Since I had personally experienced the Los Angeles riots, I often applied this anecdote to challenge my Indian community through my sermons and writings.[7] We Indians find ourselves in similar situations to those of our Korean brethren in Los Angeles. Most of us are economically and socially mobile upward. But our self-centeredness shuts us off from the plight of the vulnerable people in our society. We Indians are one of the most racist societies in the world. India’s caste system is the world’s largest systemic violation of human rights. Our caste system denies dignity and justice to over 201 million Dalits, the most discriminated sections of the society.[8] Indian caste system endures because we justify it as divine fiat prescribed in our sacred texts as presumed laws of nature and passed down through generations. Strangely, we Indians generally consider blacks as Dalits, the untouchable caste.  We dare not take anything for granted. The next attack coming down the pike will be on us. 

IV. Rescuing the terms: “Evangelism, Evangelicals, Evangelicalism”

Who is an evangelical?  An evangelical — says John Cobb,[9] my mentor and teacher at Claremont — is one who tries to be a disciple of Jesus. Jesus said, “Whoever wants to be my disciple must deny themselves and take up their cross and follow me.” (Matthew 16:24). The Greek word, evangelion means “good news” – the gospel. The question before us is: Should we renounce the word and remove it from our theological jargon or attempt to redeem and rehabilitate it from the Trumpian evangelicals? 

However, these words — evangelical, evangelism, evangelicalism — are ubiquitous elsewhere around the world, especially in the Two-Thirds World. Besides, these are biblical terms, code words, loaded dynamites, not just in the New Testament, but also in the Old Testament. These concepts stem originally from the Messianic aspirations of the Hebrew prophetic traditions. (See Isaiah 52:7-9; 61:1-3; Leviticus 25:10). Jesus followed in the traditions of the Hebrew prophets.

As envisaged by Hebrew prophets, we need to address three simple questions squarely if we are going to rescue this term “evangelicals” from the Trumpian voters. 

  1. What is the good news we are called to proclaim and witness to? The gospel, its contents and potency?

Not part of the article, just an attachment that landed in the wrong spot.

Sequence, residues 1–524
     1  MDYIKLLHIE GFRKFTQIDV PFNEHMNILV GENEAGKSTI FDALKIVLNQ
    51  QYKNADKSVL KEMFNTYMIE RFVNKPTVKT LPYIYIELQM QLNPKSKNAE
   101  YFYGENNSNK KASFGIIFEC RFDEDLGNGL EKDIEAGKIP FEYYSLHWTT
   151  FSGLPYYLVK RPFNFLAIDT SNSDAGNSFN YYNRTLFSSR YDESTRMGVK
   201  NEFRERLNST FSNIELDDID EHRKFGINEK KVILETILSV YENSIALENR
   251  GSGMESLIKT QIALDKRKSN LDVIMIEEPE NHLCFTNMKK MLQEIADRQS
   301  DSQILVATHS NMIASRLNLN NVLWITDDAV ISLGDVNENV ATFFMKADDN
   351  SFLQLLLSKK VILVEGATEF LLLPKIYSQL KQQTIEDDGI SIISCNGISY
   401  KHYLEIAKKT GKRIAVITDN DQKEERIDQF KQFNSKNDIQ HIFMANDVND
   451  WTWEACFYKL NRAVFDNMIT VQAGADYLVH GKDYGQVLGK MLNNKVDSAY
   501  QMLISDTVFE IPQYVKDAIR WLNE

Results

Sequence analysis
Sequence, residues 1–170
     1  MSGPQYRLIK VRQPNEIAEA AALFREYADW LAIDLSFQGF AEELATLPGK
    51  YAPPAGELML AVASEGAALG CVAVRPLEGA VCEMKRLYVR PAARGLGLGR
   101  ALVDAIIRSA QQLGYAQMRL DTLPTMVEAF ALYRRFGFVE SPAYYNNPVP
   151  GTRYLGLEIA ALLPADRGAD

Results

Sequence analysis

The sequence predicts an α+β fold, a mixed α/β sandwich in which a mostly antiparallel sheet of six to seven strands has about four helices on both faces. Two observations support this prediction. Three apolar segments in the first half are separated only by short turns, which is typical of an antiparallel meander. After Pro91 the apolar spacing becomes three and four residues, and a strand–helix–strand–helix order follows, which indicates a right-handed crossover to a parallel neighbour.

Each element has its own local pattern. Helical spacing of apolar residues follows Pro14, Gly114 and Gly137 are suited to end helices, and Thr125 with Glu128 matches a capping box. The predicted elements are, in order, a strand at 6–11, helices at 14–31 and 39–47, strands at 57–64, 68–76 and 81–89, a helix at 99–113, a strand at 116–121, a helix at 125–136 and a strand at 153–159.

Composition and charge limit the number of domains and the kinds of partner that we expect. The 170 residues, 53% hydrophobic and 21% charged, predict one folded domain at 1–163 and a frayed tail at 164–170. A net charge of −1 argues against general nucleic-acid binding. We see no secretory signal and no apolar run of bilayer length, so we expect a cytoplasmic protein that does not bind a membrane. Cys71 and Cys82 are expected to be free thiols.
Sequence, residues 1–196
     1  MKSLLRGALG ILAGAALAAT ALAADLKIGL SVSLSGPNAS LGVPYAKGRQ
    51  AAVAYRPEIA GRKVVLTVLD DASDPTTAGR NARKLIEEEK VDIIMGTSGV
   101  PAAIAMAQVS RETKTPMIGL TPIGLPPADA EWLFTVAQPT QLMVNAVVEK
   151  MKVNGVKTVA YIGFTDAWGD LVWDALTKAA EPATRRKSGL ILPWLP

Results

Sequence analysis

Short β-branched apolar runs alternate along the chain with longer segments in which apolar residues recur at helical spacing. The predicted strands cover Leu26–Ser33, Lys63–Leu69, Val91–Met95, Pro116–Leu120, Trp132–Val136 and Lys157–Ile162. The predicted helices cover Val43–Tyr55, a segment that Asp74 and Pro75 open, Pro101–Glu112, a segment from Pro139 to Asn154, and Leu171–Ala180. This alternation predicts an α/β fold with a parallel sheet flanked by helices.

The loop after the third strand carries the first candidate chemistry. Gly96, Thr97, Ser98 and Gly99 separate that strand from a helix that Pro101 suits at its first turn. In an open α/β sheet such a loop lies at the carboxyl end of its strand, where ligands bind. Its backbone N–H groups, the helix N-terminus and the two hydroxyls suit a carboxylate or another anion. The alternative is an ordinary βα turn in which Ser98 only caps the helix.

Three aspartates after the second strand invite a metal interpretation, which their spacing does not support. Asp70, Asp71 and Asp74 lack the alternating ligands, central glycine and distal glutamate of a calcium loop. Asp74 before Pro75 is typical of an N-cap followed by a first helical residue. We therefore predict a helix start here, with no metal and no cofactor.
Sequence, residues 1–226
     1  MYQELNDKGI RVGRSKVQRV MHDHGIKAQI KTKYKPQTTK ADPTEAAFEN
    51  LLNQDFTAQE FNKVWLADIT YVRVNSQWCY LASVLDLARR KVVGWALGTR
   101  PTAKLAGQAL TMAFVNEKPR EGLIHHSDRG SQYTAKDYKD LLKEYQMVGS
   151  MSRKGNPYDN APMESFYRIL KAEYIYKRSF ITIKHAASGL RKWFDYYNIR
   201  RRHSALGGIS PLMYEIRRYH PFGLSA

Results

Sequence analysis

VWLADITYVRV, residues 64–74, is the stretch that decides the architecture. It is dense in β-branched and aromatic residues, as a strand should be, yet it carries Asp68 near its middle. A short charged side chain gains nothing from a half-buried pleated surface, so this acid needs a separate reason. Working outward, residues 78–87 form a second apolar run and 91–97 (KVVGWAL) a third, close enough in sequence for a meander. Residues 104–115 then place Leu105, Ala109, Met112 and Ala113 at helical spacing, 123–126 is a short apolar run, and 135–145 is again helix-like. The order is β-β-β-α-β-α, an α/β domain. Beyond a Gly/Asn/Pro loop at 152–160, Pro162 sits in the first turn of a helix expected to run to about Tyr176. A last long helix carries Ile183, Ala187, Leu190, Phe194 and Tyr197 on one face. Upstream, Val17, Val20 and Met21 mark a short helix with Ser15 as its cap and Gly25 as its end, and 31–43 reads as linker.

2. What is the medium? And who is the messenger?
  3. To whom is the good news addressed? Who are the legatees of the good news?

Answering these questions fully and satisfactorily will be a project by itself. Once answered to the satisfaction of the biblical vision, they will surely lead to remedial actions and strategies for new directions. This is the paradigm shift — the shift in our Evangelical Witness and thoughts that I had called for earlier in this article. Not all is lost; there is hope still; change is coming. The recovery and transformation will nevertheless be painful and labored. The present political and religious crisis offers us a teachable moment. We need to seize the moment and learn from it so that we do not repeat the follies of the past.


ANAND VEERARAJ is an ordained minister in the Church of South India and serves as the Pastor/Organist of the New Jersey Indian Church/Trinity Community Church [UCC & PC-USA], Princeton, New Jersey. He is the author of the books Green History of Religion and Earthen Vessels: The Paradox of Christian Leadership. He and his wife live near Princeton, New Jersey, USA.

[1]          Peter Wehner, “Why I Can No Longer Call myself an Evangelical Republican,” New York Times, December 9, 2017.

[2]          Martin Luther King, Jr.’s speech before the Los Angeles World Affairs Council, Hollywood Palladium, February 26, 1965.

[3]          King.

[4]          King.

[5]          Isabel Wilkerson, “America’s Untouchables: The Silent Power of the Caste System,” The Guardian, July 28, 2020.…  Isabel Wilkerson, Caste: The Origins of Our Discontents [New York: Random House, 2020].

[6]          Wilkerson.

[7]          Anand Veeraraj, Earthen Vessels: The Paradox of Christian Leadership (Bangalore, India: Centre for Contemporary Christianity, 2010), 109-114.

[8]              Deenabandhu Manchala, “From Afar, Yet Together in Struggle and Hope”

[9]         John B. Cobb, Jr., Theological Reminiscences (Claremont, California: Process Century Press, 2014).